That is so frustrating. >.<

I know there was one beggar woman who I actually saw twice on the streets of Armenia. The first time she was begging for money "in order to get back home to her family, turns out she doesn't have money for the fare home" and I asked what she had to sell me. So I attempted to do an exchange.

The second time I saw her she didn't recognize me and tried to pull the same scam. So I got out my cellphone and asked for her phone number so I could call her family and tell them what had happened. She freaked out and pretty much fled the scene.

I haven't been able to feel the same way about beggars ever since. I, too, don't have a job, but I am trying to DO something about it.

It's so sad that people can allow themselves to think that money and getting it off others is the way to live.


Laura: The Sushi Snob said...

We really aren't doing beggars any favors by giving them money. It all goes back to "give a man a fish, you feed him for a day; teach a man to fish, you feed him for a lifetime." It's so sad that these people have so little dignity that they don't feel like they can work for anything. There are even people who join the Church for the welfare program (ask me how I know), and it's sad.

Abel Feleke said...

Jacob and Kalli Hiller must be emotional, because some lazy persons and beggers are available in every country. The same is true for Lalibela and Ethiopia. Scamers are more prevalent in their country than Lalibela. There is one Ethiopian Qoute "Thief persone never believe anyone"

Jacob and Kalli Hiller said...

I certainly don't mean to offend anyone. We just had daily occurences with being scammed by nearly every person we met while in Lalibela. I loved Ethiopia and hope to visit it again, but as a tourist it seems we stuck out and had problems that the average Ethiopian probably doesn't encounter.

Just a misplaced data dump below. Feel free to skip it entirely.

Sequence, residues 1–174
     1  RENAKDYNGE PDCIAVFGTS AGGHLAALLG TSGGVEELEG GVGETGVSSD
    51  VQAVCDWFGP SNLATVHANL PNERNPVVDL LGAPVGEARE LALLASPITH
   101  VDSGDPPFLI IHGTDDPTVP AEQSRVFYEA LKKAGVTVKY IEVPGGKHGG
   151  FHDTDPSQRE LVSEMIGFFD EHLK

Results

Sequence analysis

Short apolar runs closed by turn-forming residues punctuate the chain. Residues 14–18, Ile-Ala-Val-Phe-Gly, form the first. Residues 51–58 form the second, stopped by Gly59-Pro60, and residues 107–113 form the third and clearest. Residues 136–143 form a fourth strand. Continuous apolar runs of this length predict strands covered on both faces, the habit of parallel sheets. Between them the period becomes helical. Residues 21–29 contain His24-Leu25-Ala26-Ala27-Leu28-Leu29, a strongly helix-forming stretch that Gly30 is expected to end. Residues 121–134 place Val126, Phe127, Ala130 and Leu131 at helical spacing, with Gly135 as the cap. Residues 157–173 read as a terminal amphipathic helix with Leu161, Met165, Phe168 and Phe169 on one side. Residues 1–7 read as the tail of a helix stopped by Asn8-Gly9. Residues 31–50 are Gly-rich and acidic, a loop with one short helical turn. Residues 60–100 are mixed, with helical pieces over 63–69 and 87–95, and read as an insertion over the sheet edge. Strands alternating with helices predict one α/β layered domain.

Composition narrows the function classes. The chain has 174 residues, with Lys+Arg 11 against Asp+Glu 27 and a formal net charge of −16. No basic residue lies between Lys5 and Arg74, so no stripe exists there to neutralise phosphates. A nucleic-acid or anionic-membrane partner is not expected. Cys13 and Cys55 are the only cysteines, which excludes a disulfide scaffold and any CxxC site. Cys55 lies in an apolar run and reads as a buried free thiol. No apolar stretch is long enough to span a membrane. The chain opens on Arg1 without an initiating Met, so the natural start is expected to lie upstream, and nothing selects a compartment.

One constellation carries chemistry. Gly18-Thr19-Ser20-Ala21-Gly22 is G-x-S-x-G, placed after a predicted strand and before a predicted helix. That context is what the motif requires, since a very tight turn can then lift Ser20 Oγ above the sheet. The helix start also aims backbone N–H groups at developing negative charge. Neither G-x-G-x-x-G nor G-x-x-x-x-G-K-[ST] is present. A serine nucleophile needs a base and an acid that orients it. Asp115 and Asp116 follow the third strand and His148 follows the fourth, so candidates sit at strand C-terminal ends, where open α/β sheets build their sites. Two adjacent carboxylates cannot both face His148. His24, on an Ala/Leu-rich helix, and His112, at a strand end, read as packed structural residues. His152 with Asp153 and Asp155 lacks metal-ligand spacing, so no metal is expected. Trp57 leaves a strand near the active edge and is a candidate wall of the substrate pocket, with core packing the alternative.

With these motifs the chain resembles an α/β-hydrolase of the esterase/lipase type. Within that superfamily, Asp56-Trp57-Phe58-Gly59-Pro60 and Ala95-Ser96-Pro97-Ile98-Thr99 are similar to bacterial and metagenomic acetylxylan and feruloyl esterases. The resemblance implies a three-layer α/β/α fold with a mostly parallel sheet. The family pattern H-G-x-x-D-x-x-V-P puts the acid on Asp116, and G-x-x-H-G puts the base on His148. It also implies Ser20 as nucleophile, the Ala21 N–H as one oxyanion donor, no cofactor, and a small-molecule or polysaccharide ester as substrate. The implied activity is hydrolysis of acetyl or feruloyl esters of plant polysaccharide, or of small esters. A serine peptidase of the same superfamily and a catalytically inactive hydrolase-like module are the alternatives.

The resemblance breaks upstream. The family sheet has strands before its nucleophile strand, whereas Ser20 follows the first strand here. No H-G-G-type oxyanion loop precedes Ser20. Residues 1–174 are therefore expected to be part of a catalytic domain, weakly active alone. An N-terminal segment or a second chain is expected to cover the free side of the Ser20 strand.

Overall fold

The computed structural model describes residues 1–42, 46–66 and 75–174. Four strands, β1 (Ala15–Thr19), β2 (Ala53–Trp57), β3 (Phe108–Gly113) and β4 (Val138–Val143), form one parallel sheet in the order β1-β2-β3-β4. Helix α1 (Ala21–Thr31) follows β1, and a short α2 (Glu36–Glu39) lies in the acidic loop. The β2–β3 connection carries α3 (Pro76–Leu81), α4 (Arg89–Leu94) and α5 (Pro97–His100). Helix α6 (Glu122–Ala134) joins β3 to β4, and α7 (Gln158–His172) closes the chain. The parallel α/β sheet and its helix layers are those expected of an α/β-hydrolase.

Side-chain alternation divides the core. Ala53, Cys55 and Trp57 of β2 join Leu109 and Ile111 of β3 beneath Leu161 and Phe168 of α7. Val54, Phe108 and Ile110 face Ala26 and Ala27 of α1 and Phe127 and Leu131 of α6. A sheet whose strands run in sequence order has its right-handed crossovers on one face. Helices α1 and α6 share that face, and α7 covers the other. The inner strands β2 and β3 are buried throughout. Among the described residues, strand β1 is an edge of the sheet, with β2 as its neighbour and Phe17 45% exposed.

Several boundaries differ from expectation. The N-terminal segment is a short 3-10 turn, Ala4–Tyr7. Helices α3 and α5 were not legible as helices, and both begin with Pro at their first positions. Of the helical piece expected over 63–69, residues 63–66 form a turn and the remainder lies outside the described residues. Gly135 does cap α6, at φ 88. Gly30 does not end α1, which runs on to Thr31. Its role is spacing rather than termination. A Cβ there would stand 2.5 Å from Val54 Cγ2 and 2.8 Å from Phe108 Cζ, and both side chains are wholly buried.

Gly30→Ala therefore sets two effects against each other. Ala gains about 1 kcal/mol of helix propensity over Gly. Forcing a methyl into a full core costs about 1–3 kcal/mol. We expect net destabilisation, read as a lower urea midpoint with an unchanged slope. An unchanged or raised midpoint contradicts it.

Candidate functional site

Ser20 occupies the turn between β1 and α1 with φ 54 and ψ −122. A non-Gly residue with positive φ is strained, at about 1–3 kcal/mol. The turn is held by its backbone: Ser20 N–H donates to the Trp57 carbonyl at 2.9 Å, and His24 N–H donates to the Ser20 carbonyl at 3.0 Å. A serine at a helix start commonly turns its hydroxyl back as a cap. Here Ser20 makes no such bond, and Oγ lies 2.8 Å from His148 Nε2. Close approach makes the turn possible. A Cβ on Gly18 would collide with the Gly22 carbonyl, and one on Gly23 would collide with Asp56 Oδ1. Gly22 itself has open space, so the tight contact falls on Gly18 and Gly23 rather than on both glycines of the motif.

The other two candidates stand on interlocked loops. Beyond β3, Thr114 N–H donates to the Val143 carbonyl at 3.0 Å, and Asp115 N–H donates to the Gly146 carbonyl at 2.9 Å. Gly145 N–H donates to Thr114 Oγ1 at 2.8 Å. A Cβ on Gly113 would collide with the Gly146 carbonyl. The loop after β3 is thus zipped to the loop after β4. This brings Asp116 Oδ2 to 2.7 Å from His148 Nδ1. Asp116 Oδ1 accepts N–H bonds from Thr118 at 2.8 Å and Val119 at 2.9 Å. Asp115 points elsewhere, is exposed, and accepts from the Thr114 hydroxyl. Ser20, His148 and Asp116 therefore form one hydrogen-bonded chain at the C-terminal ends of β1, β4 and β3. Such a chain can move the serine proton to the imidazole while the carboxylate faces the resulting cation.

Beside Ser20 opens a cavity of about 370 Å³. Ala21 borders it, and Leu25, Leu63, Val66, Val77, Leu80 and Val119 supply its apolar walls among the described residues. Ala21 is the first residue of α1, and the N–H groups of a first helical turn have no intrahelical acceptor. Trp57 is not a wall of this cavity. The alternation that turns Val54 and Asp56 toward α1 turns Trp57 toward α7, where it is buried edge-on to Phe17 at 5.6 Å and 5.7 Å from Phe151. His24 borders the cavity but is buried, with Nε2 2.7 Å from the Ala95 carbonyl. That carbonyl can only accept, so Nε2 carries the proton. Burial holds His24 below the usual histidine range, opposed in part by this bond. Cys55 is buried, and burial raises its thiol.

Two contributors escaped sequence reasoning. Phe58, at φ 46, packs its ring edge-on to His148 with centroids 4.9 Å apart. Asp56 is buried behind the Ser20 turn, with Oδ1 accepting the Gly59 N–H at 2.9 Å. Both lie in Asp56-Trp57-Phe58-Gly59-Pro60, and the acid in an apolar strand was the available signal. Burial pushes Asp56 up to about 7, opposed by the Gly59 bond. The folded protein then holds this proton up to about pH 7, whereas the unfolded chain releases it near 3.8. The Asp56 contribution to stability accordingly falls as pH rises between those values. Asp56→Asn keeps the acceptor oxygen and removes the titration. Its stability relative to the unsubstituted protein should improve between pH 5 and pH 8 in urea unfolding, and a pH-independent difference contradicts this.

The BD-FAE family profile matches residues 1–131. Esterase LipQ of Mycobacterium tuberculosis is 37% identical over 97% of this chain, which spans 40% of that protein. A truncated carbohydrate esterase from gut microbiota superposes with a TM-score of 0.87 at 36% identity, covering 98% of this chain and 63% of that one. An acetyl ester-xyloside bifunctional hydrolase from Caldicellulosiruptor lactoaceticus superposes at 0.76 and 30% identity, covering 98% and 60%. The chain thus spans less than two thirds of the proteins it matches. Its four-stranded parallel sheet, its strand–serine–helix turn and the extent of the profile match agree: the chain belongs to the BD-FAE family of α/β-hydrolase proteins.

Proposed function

Jacob and Kalli Hiller said...

The above comment was Kalli... this is Jacob...

Abel... There have of course been schemes, scams, and begging in every country we have been in.

But.. Ethiopia definitely takes the cake for begging, and creating "scam-begging" (when you beg for something but really are going to use it for money).

Every person we met, even those we supposed friends... asked for money from us at some point.

I don't really know why... we've been in poorer countries where it was not like that at all.

I attribute it to the massive amounts of aid that were given to Ethiopians after the draught and following famine. It seems to have engendered a culture of "gimme"...

It seems to me that the countries and areas that get the most handouts... want the most handouts.

I respect Ethiopians, their character, and their potential too much than to believe the only way to progress is through handouts... these are amazing people.

Despite the almost incessant begging, or creative begging I still loved Ethiopia, the culture, the food, the good nature of the people... I'm sure we'll be back to visit again.

Powered by Blogger